Assume that we multicast two data bits b1 and b2 from the source node S to both the nodes Y and Z in the  acyclic network depicted by Figure 1.1(a). Every channel carries either the bit b1 or the bit b2 as indicated. In this way, every intermediate node simply replicates and sends out the bit(s) received from upstream. The same network as in Figure 1.1(a) but with one less channel appears in Figures 1.1(b) and (c), which shows a way of multicasting 3 bits b1, b2 and b3 from S to the nodes Y and Z in 2 time units.This achieves a multicast rate of 1.5 bits per unit time, which is actually the maximum possible when the intermediate nodes perform just bit replication (See [209], Ch. 11, Problem 3). The network under discussion is known as the butterfly network. Example 1.1. (Network coding on the butterfly network) Figure 1.1(d) depicts a different way to multicast two bits from the source node S to Y and Z on the same network as in Figures 1.1(b) and (c). This time the node W derives from the received bits b1 and b2 the exclusive-OR bit b1  b2. The channel from W to X transmits b1  b2, which is then replicated at X for passing on to Y and Z. Then, the node Y receives b1 and b1  b2, from which the bit b2 can be decoded. Similarly, the node Z decodes the bit b1 from the received bits b2 and b1  b2. In this way, all the 9 channels in the network are used exactly once. The derivation of the exclusive-OR bit is a simple form of coding. If the same communication objective is to be achieved simply by bit replication at the intermediate nodes without coding, at least one channel in the network must be used twice so that the total number of channel usage would be at least 10. Thus, coding offers the potential advantage of minimizing both latency and energy consumption, and at the same time maximizing the bit rate.

Sunday, 27 October 2013


Authority for regulating blasting operations at coal mines comes from the Surface Coal Mining Land Conservation and Reclamation Act (SCMLCRA), which became effective February 1, 1983. The SCMLCRA is closely patterned after the federal Surface Mining Control and Reclamation Act of 1977 (SMCRA). The SCMLCRA has established air blast, ground vibration and fly rock standards, training, examination and certification requirements for persons supervising blasting operations, requirements for pre-blast surveys and public blasting notices, requirements for the maintenance of blasting records and enforcement provisions which give the Mine Safety and Training Division the authority to suspend or revoke blasting certificates, issue notices of violation and/or cessation orders and assess civil penalties in instances of non-compliance.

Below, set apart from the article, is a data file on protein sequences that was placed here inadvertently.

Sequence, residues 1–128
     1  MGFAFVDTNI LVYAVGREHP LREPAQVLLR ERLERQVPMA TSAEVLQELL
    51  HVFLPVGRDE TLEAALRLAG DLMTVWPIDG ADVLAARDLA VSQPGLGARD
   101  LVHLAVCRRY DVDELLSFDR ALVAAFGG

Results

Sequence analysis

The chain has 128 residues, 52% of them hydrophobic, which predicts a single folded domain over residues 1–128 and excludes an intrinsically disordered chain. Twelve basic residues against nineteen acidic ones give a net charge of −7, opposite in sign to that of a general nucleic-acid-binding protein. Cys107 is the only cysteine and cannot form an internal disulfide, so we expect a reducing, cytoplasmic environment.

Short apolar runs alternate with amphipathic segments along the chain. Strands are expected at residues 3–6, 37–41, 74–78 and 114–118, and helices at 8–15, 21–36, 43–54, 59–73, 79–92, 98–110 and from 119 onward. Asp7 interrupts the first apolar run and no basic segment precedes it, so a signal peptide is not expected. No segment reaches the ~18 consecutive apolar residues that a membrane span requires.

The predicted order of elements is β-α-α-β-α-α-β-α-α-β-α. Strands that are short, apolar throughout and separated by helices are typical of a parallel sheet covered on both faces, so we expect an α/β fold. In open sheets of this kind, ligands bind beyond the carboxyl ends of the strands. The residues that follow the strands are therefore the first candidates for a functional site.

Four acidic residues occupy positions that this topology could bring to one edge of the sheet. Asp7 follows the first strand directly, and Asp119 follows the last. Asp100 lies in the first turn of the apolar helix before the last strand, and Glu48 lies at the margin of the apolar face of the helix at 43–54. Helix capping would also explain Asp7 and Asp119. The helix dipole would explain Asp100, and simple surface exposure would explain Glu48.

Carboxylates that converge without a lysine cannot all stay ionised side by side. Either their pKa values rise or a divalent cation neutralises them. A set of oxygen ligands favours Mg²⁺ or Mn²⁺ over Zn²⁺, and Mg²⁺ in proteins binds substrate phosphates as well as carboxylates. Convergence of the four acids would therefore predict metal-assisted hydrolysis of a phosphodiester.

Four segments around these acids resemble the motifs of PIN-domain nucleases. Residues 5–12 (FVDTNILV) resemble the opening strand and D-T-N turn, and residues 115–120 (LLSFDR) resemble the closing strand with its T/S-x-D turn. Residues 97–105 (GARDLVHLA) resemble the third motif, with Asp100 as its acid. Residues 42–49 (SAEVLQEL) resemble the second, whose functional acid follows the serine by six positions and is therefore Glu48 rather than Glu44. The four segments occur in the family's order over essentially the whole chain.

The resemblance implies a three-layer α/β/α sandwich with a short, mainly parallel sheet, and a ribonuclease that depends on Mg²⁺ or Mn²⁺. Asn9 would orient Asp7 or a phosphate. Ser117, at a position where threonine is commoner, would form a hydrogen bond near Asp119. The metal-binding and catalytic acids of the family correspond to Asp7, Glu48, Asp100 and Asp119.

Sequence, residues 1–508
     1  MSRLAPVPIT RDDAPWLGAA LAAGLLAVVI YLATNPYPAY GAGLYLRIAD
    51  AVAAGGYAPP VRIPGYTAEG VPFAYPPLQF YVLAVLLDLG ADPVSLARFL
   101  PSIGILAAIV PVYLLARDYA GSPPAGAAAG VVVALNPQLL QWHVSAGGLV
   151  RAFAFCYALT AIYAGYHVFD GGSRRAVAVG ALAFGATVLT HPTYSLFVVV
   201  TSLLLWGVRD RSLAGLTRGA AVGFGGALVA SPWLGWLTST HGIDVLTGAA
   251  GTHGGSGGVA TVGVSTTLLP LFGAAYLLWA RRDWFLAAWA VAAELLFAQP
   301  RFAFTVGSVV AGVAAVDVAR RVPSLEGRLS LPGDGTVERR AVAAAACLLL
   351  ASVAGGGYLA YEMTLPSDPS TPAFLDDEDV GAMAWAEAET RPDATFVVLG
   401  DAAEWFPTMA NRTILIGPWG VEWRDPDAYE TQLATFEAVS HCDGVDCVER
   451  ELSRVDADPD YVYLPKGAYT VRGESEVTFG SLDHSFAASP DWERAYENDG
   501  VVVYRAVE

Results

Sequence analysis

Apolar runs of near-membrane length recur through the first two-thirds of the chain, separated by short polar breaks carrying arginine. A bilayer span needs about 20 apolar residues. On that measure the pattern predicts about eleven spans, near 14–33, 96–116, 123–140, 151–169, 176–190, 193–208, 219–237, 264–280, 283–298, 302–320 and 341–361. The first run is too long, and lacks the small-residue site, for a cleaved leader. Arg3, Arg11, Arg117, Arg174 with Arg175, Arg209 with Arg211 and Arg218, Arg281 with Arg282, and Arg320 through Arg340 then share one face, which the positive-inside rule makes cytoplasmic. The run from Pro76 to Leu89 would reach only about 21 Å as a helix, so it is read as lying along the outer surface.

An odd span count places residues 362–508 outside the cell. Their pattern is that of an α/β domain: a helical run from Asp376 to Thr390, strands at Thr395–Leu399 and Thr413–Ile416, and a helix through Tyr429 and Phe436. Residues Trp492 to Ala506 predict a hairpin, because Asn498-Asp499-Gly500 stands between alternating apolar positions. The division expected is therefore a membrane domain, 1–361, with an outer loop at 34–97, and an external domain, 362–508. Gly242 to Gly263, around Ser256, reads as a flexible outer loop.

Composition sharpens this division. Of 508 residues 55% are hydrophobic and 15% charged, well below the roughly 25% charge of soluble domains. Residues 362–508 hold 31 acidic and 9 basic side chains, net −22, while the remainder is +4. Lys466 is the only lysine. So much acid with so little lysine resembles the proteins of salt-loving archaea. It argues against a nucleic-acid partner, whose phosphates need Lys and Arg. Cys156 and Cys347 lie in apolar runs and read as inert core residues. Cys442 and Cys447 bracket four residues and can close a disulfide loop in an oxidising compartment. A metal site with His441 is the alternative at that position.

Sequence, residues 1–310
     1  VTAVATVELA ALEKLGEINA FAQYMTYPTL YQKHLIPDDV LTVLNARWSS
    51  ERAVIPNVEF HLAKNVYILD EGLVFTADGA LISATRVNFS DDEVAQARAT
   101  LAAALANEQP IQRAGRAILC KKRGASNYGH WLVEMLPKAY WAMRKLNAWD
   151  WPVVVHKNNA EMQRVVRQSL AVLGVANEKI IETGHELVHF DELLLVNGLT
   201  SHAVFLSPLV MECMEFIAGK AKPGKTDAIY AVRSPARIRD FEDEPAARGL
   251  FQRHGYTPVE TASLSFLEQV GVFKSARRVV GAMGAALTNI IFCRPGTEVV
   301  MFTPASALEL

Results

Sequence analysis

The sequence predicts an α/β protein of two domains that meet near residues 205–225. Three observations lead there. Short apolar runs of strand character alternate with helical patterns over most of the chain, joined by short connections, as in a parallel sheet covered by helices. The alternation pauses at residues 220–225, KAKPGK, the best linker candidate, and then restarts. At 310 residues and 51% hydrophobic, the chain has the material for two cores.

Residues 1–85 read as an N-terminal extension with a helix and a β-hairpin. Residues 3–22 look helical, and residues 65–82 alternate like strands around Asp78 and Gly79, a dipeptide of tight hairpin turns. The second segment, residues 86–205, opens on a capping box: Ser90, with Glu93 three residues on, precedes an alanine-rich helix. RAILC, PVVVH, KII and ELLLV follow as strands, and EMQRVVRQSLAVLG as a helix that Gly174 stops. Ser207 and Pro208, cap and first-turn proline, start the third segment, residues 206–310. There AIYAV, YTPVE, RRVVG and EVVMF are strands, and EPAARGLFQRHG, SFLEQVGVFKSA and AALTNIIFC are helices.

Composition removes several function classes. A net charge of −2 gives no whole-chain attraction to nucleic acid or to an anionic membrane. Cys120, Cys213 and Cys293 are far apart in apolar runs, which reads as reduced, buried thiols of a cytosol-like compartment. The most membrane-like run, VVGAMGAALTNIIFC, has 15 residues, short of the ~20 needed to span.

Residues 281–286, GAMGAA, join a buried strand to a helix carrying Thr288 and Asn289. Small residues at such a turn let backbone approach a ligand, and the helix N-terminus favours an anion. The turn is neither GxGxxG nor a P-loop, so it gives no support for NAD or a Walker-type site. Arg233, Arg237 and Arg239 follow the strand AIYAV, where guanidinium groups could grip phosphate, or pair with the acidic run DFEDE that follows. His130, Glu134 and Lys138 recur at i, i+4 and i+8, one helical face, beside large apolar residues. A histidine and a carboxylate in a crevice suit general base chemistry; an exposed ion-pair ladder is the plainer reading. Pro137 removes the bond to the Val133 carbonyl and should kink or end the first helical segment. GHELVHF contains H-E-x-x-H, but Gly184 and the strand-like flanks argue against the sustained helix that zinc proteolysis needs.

In addition to blasting, the SCMLCRA contains comprehensive environmental protection requirements such as hydrologic balance protection, soil replacement and disposal of toxic materials. All aspects of the SCMLCRA,other than blasting, are administered by the Land Reclamation Division within the Office of Mines and Minerals. So why do companies employ blasting at their operations? Below you will find answers to this and other questions related to blasting at Illinois mines.

Blasting is the most cost effective way to fracture rock. Therefore, blasting reduces the costs of consumer goods such as electricity, sand, gravel, concrete, aluminum, copper and many other products manufactured from mined resources. The old statement “If it can’t be grown, it has to be mined” is still true today.

Dynamite, a nitroglycerin-based explosive, is rarely used today for blasting at surface mines in Illinois. Blasting agents account for almost 99% of the explosive materials used. ANFO, ammonium nitrate and fuel oil, is the most common explosive. ANFO, pound for pound is as powerful as dynamite and is less expensive per pound and less sensitive to initiation and therefore safer to use.

Holes are drilled into the rock to be broken. A portion of each hole is filled with explosives. The top portion of the hole is filled with inert material called stemming. The explosive in each hole is initiated with detonators or blasting caps. The detonators are designed to create millisecond (thousandths of a second) delay periods between individual holes or charges. A blast with 25 individual holes will essentially consist of smaller individual blasts, separated by millisecond delays and the entire blast may only last ¼ - ½ of a second. When an explosive is detonated, it undergoes a very rapid decomposition which produces a large volume or expansion of gases, instantly. This expansion of gases is what causes the rock to fracture. The stemming material keeps the gases in the rock to maximize the amount of the energy utilized in the fragmentation process. The delay periods between charges ensures that each hole will only have to fragment the rock immediately in front of it, which
enhances fragmentation.